But the intricacy of Rowling's world cannot fully explain the popularity of the series. If people love the books, it is in part because they love the characters, who are drawn with a surprising level of realism. Harry, Ron, and Hermione are not high school stereotypes but fully fleshed out characters with many distinctive traits. Harry may look like a nerd, but he's brave, quick-thinking, and altruistic. He also has several flaws. Hagrid may seem on the surface like the standard "dumb giant," but he's more nuanced than that. We get to know these characters inside out as the series progresses. Not all the characters are well drawn. The main villain, Voldemort, always seems vague and generic. But some of the other menacing figures are fascinating, like the ever-elusive Snape, whose true nature has yet to be explained.
The books also have a strong satirical undercurrent aimed at schools, the media, and politicians. The first book contains the following amusing line: "Professor McGonagall watched [her students] turn a mouse into a snuffbox--points were given for how pretty the snuffbox was, but taken away if it had whiskers." The later books lampoon tabloid reporters and obtuse educators, and the sixth book seems to comment indirectly on the War on Terror, though I'm sure that wasn't a part of Rowling's original plan for the series.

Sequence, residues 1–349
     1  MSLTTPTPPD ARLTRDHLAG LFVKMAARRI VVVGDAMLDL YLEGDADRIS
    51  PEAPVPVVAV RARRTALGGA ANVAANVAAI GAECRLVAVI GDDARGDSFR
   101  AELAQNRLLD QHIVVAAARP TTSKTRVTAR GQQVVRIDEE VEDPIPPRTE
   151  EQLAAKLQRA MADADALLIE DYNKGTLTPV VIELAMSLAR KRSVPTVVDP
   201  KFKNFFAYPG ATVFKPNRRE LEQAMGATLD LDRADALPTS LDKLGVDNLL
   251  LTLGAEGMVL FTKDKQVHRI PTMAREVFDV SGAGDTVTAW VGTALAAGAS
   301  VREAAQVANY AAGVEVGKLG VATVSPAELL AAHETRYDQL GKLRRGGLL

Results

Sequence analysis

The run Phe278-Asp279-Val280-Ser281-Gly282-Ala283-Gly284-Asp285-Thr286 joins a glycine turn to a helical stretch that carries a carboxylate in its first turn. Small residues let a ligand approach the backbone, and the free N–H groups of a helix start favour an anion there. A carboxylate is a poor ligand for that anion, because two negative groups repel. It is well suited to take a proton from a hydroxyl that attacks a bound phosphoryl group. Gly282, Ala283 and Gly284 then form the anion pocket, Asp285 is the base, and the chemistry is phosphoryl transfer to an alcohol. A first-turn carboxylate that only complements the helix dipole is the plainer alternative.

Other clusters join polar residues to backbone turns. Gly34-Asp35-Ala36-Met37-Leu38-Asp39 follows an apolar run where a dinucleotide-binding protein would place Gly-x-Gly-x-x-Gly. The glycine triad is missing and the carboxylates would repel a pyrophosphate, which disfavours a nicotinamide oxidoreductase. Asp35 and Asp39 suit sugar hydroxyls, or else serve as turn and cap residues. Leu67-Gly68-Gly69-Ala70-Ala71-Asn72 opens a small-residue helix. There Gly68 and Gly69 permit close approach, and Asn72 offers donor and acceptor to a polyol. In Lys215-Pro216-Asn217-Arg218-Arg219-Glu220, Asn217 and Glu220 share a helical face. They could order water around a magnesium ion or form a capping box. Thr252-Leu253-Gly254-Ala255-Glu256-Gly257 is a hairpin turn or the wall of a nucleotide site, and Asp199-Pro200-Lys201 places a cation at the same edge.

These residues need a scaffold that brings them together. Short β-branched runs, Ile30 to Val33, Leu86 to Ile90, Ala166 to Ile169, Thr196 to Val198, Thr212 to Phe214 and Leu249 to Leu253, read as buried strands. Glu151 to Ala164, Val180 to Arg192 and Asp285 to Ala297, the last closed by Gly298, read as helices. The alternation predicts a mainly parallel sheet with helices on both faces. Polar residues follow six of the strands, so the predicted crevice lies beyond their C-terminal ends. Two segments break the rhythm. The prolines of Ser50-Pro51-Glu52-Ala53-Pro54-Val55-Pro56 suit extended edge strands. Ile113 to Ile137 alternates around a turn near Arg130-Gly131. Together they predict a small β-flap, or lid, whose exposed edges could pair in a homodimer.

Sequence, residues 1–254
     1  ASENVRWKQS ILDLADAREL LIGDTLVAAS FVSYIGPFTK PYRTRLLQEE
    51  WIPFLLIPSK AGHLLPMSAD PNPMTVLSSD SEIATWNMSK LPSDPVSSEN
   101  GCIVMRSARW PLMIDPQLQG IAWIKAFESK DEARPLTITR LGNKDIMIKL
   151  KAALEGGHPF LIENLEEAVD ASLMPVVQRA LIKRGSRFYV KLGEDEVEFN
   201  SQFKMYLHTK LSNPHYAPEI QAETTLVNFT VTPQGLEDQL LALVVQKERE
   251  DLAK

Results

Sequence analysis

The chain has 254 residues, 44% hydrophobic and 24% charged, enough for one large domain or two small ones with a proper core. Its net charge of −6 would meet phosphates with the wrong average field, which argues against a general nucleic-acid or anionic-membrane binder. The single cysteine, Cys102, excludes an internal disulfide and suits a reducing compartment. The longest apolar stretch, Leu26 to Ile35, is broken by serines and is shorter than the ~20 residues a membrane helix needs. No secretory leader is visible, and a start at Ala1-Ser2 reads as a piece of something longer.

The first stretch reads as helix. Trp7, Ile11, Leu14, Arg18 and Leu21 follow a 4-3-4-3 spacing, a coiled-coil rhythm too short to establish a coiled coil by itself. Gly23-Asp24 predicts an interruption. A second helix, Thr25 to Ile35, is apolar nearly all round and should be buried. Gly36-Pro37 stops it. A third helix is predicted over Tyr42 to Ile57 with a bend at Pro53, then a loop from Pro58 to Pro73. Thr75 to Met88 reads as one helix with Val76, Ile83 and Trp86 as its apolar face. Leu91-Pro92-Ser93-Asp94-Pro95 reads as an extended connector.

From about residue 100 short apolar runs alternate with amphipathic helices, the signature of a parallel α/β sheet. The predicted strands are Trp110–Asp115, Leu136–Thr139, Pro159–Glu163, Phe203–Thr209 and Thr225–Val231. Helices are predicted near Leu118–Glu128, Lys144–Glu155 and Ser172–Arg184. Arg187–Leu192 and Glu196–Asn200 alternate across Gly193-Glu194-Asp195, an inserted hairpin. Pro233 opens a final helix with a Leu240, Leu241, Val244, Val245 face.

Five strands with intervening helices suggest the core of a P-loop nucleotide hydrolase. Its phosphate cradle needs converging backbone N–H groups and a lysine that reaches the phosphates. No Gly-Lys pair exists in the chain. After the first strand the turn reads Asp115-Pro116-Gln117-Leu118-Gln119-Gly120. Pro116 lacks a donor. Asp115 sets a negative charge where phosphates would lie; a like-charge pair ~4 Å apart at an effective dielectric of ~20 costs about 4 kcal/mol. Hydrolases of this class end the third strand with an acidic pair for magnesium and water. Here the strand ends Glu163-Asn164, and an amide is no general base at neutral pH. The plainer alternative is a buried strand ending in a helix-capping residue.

One of the most overlooked qualities of the series is the clever plotting. The plots are better crafted than most cinematic thrillers. Rowling never cheats by creating a surprise that doesn't fit the earlier events. I suspect that she had worked out the outline of the entire series before she had published even the first book. As each new layer of the story gets uncovered, I am astonished at how well it meshes with everything that came before.
In this regard, the sixth (and most recent) book is particularly interesting. I have found that readers have two entirely different interpretations of the ending. I suppose we will find out which one is correct as soon as Rowling releases the seventh (and presumably final) novel. This is one of several plot mysteries in the series that explore the theme of how people are too judgmental, making assumptions about other people before knowing all the facts. Harry is unfairly judged by people who put too much stock into rumors, yet he himself misjudges other characters. The plot twists which emphasize this theme are not simply manipulation; they contain lessons about human nature.
Will Rowling provide a satisfying conclusion to the series? I don't see any reason why not. She has shown an absolute mastery over this genre. That's what I failed to grasp when I first thought her books unoriginal. I've since come to the conclusion that it's much less important where artists get their ideas as the way they handle them. I'll take Rowling's finely executed novels any day over an original but sloppily written work.